Running FSIndex search servers

There are two types of an FSIndex server: a slave, which loads an index and conducts searches and a master, which distributes and collects searches. They communicate between themselves and with clients using TCP/IP sockets.

The master/slave configuration can be used in the case where indexes are located on different machines, even running different operating systems. If there is only one server, it runs under the slave configuration. This means that each slave can be queried individually and also that a more complicated tree-like structure, where inner nodes are master servers and leaves are slaves, can be constructed if needed.

Two scripts can be used to run an FSIndex server:, and runs as a UNIX daemon, while is a regular script for all platforms. Their arguments and options are similar and are described in detail only for daemon script starts an FSIndex server as a UNIX daemon. Unlike the other script, the master slave can be passed an option to control its slaves, in which case it starts the slaves using ssh on startup and shut them down when it terminates.. The current version assumes that the ssh login is using public key without a password.

Starting daemon is started from the command line:

$ [-c] serverid port workpath indexfile [pythonpath]


  • serverid is a string identifier of a particular index (or set of indexes) to be loaded;
  • port is the port the daemon should be listening to;
  • workpath is the path to the directory where log files are written;
  • indexfile is the path to the index file. If the file ends with .cfg, it is assumed to be a configuration file for the slaves;
  • pythonpath (optional) is appended to the system’s python path. This may help in the case that the path to Python modules required by is not set otherwise.

The option --control-slaves or -c can be used to instruct a master server to attempt to start and terminate its slaves using ssh. If this option is omitted, the master will only attempt to contact each slave and, if any one is unavailable, shut itself down. In this case the slaves must be started separately.

A master’s configuration file is a text file where each line gives parameters for a slave server to be started. The format of each line is:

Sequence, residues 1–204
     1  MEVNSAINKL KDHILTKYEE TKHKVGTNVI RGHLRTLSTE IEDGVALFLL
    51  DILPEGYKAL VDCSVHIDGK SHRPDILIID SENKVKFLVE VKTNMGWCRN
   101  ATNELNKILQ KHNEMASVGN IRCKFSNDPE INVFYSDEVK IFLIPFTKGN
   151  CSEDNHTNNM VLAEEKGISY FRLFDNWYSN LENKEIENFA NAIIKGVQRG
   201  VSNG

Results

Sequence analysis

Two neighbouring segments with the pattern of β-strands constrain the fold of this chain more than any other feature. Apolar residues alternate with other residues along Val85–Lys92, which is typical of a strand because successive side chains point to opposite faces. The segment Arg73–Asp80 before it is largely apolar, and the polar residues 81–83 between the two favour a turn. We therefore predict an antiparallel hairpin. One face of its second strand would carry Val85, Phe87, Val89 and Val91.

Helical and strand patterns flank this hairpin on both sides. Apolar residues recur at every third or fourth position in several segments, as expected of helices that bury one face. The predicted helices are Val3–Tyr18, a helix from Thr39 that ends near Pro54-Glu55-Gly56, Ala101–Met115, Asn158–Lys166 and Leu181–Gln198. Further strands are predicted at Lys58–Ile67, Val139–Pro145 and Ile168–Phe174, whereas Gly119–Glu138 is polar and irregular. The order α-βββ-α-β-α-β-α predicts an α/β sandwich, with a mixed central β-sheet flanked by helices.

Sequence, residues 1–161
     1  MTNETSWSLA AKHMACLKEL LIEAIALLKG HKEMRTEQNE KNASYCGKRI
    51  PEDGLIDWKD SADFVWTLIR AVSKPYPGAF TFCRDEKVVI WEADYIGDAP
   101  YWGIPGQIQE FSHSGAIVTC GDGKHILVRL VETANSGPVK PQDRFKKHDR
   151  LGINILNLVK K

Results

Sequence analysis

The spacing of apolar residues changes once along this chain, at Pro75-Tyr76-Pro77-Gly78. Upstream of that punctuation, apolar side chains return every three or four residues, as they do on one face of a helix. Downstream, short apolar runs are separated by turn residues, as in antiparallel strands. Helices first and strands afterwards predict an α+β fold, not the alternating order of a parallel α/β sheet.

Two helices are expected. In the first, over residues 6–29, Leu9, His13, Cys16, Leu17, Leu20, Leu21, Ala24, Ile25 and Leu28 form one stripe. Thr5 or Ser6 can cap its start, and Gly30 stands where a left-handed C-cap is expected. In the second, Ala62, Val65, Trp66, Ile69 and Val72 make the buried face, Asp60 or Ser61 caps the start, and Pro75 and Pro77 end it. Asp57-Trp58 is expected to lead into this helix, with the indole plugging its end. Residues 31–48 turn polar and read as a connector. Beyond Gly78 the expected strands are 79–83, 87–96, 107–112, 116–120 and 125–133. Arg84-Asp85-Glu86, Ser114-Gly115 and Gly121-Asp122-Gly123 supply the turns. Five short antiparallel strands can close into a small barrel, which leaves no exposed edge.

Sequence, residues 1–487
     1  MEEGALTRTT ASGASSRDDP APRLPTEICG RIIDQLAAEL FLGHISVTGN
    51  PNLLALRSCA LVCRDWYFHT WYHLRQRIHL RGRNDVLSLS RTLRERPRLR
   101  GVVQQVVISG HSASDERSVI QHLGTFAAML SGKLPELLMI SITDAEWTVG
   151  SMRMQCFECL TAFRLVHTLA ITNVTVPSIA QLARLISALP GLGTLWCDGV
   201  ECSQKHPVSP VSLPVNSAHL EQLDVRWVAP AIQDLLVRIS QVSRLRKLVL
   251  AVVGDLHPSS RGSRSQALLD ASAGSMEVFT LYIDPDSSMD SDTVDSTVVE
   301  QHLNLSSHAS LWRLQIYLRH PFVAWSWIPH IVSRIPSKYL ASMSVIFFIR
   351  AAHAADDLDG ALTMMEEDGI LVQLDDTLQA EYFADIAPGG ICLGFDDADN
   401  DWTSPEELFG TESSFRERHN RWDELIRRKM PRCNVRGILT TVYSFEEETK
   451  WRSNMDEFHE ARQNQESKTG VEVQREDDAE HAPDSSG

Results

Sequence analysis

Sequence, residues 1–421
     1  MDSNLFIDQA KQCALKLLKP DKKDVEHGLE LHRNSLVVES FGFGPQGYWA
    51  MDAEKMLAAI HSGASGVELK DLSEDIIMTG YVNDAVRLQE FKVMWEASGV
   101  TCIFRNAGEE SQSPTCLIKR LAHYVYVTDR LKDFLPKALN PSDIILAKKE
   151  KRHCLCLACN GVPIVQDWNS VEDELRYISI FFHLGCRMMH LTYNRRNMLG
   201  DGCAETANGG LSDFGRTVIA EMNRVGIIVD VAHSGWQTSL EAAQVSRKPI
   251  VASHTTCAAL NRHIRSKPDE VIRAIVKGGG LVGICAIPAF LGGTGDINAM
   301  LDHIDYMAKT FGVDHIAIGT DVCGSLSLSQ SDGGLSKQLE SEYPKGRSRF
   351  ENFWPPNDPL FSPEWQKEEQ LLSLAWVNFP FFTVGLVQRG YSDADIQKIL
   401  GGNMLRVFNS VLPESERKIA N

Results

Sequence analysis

host port workpath indexfile [pythonpath [binpath]]

where the fields are separated by spaces. The fields port, workpath, indexfile and pythonpath are used directly to start the slave server (see above for full description). The field host specifies the address of the machine the slave is running on. The optional parameter binpath provides the path to the executable on the host the slave should run on. Only host and port fields are used if -c option is not set.

Each server produces two files: a log file and a pid file. The log file receives detailed messages about the running of the server while the pid file contains the UNIX process id of the daemon, the name of the host it is running on, as well as the command line used to start it. The name of the log file is generated from the serverid passed as a command line argument. If a master is starting its slaves, it passes its own serverid to them, concatenated with the number of the slave. For example, a master server passed TEST2 as serverid will produce the logfile named FSsearchd_TEST2.log and its second slave will produce FSsearchd\_TEST2\_s01.log.


Since is a daemon and hence not connected to any terminal, the best way to terminate it is to send it a SIGTERM signal. To do so, find out (from a pid file or the output of textit{ps}) its process id (pid and type:

$ kill pid

This is a clean way to shutdown an FSIndex server since the logs are written and any pending requests are handled before shutdown. script script runs an FSIndex server from the command line, printing log to the standard output. It should run on all platforms and is started by:

$ port indexfile

where the parameters are as described in daemon above. It can be stopped by killing the server process.

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